Staying Ahead of the Web Tech Curve -and- How Not to Drown in the Tidal Wave of Info
Let’s take a moment to look again at the big picture of the redesign process. Having gone through the various initial steps, you should be nearing the end of the planning phase.
Soon you’ll be facing some tough choices. What will the redesign include? And what won’t make the cut? No worries. It will be much more obvious thanks to all of your preparation. You’ll be making informed choices.
Thus far, however, the information we’ve gathered has had an inward focus. I’ve set it up that way for two reasons. First, over the years I’ve noticed that the most frequently skipped redesign tasks are the introspective ones. Many people in charge of redesigns make assumptions without even realizing it. The classic is to think that most of your site users are a lot like you, with the same needs and understanding.
How can you possibly create a good website if you don’t really know what its users most need? But looking inward, you not only understand your congregation better, you’ve also flushed out your own personal hopes and desires, and can tune these against what others have said.
Second, with this growing understanding of what your site really needs, you’ll find more meaningful books, websites, videos, newsletters, etc. You’ll have a much sharper lens with which to analyze this otherwise overwhelming input. So this is the first of three short posts on external resources.
Staying Current Enough
There’s an enormous, groaning smorgasbord of tech news resources out there begging for your time and attention. Worse, many of them are first rate. It’s drinking water from a fire hose. How do you keep from downing? The key is simple: find the ones you enjoy the most. And be incredibly selective.
Periodically I have to put myself on a tech news crash diet. I’m doing pretty well at the moment — down to one blog, one news service, one e-newsletter and an assortment of podcasts. And here are my top picks.
- E-newsletters: Jakob Nielsen’s Alertbox.
Very high signal to noise, this weekly email is a shortcut to substantive research on improving websites.
- Blogs: Mashable. (AKA “Social Media News and Web Tips”)
Sometimes I wish I didn’t like Mashable so much. There’s always too much good info to read. Their mission is “to empower and inspire people by spreading knowledge of social media and technology” and my heavens do they succeed.
- News Services: Techmeme.
Techmeme is none-too-attractive, but you can tell at a glance what’s happening at this moment in the tech world. It’s compiled using a computer algorithm with (as they put it) “direct human editorial input.”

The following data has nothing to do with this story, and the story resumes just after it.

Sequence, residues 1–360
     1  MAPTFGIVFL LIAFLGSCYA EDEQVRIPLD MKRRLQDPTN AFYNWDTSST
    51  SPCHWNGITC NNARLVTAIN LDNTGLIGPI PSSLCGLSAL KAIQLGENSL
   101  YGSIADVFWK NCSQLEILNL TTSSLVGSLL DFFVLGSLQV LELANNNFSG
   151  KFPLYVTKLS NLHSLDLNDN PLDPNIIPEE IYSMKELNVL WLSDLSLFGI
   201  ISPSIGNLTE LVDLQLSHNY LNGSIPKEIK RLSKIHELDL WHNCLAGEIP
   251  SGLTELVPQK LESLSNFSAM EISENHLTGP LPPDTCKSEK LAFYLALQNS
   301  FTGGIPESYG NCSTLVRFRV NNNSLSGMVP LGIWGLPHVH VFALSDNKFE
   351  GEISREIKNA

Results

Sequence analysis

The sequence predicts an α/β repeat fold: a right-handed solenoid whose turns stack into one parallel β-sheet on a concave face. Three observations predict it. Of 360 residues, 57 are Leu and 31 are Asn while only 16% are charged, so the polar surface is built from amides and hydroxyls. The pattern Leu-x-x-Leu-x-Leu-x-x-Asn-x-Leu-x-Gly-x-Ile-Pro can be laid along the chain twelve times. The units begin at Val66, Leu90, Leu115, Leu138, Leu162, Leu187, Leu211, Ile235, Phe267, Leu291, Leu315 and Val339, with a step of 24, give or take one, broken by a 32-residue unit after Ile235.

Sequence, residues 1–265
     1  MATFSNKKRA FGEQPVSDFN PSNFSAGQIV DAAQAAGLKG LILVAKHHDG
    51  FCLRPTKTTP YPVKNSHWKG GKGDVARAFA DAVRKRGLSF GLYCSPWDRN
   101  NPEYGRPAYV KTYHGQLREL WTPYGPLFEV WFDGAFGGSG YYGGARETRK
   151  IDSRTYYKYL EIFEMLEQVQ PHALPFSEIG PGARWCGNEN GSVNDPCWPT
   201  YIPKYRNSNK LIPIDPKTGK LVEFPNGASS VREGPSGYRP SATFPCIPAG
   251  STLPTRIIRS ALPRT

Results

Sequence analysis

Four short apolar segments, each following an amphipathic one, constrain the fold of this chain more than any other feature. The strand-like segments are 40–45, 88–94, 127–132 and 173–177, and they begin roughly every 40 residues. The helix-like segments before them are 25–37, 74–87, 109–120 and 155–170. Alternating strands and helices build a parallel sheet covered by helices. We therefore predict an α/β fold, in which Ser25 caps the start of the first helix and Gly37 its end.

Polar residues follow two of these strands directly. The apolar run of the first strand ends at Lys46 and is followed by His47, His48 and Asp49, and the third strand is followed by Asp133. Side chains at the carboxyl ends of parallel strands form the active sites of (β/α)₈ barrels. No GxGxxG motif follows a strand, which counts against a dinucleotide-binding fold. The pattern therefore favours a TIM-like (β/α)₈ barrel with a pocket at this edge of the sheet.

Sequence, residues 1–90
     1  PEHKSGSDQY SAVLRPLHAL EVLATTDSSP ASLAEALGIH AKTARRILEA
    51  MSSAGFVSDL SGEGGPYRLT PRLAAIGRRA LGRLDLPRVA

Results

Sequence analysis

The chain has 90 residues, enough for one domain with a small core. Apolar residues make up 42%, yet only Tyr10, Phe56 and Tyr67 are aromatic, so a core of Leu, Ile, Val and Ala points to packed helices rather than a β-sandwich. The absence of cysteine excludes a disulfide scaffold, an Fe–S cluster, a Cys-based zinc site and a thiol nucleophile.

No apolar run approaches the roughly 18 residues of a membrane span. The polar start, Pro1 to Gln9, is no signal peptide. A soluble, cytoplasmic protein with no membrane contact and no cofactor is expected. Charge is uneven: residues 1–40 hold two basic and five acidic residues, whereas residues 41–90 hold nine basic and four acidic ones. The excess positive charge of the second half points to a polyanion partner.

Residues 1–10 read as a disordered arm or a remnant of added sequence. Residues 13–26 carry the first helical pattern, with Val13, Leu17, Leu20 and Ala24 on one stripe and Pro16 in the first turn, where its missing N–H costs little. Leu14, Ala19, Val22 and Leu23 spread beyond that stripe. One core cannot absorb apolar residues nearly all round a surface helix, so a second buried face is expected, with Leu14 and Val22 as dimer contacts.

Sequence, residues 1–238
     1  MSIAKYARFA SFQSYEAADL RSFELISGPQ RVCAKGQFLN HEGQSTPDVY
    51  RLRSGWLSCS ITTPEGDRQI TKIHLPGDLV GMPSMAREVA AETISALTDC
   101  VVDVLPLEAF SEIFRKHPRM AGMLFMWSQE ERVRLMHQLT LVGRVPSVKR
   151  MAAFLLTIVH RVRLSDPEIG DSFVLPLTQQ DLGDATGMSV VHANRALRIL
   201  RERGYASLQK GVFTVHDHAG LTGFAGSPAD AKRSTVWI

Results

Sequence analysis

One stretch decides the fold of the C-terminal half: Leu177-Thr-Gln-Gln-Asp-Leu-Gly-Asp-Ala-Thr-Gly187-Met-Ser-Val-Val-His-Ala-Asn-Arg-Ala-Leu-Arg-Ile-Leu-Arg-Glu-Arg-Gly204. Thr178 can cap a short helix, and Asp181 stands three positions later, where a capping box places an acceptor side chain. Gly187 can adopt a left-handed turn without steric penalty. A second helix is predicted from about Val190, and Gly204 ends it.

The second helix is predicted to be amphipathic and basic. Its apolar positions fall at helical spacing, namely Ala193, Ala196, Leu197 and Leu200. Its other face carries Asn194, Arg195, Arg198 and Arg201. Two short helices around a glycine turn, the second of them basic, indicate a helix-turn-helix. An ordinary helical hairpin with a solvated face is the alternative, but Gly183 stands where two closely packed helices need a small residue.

- Podcasts: The Big Web Show.
It’s co-hosted by Jeffrey Zeldman, a leading light since the dawn of Web time in design and standards, who happens to have a lovely, growly voice. While it’s in-depth interviews with all kinds of people, what they choose to focus on will give you a good sense of leading (as opposed to bleeding) edge in Web tech.
I’m religious (so to speak) about reviewing the first three. For podcasts, however, I’m unabashedly whimsical. I do actually listen to the first part of Tech News Today several mornings each week while exercising. But the rest are catch-as-catch can. That said, soon (hopefully today) I’ll be trading in my 1996 MomMobile (a mini-van) for a new car that can stream podcasts from my phone. It’s my number one criterion after safety and reliability. If all goes according to plan, my podcast listening will soon skyrocket.
But back to you…. Just look around and try different tech news services on for size. My hope for you is that you’ll find ones that give you as much pleasure as mine do me. It’s such fun. May it be the same for you. Life is short.
I have asked Santa for an RF transmitter for my iPod. In the mean time, I am burning CDs for the car, which can get expensive. I have a very small list of feeds under “Technology” on my RSS feed reader. Here goes:
John Gruber’s Daring Fireball is a must read. It is a
Mac oriented blog, and I don’t own a Mac, so this is a testament to the quality of the bog. John keeps me up to date on tech in general, and the Mac stuff tells me where the PC world will be headed eventually.
Oreilly Radar is a collection of blogs from Tim O’Reilly’s publishing company. O’Reilly is a technical publishing house and the home of some very good minds on tech trends. Tim Oreilly was an early publisher of manuals on Unix, and covers the open source world very thoroughly.
A List Apart is an online magazine, of which Jeffery Zeldman is a founder and frequent contributor. They publish longish article on web design issues.
And finally, one that isn’t a tech blog. On Being is an NPR show by Krista Tippett which is available by podcast on iTunes. Formerly titled “Speaking of Faith”, this is a broad ranging podcast on matters of faith. One of their favorite topics is the intersection of faith and science. The blog is not at all sectarian, but speaks respectfully about a broad range of faith traditions. I discovered this on the radio while in Mississippi. The local NPR station doesn’t carry the show, so the podcast keeps me in touch.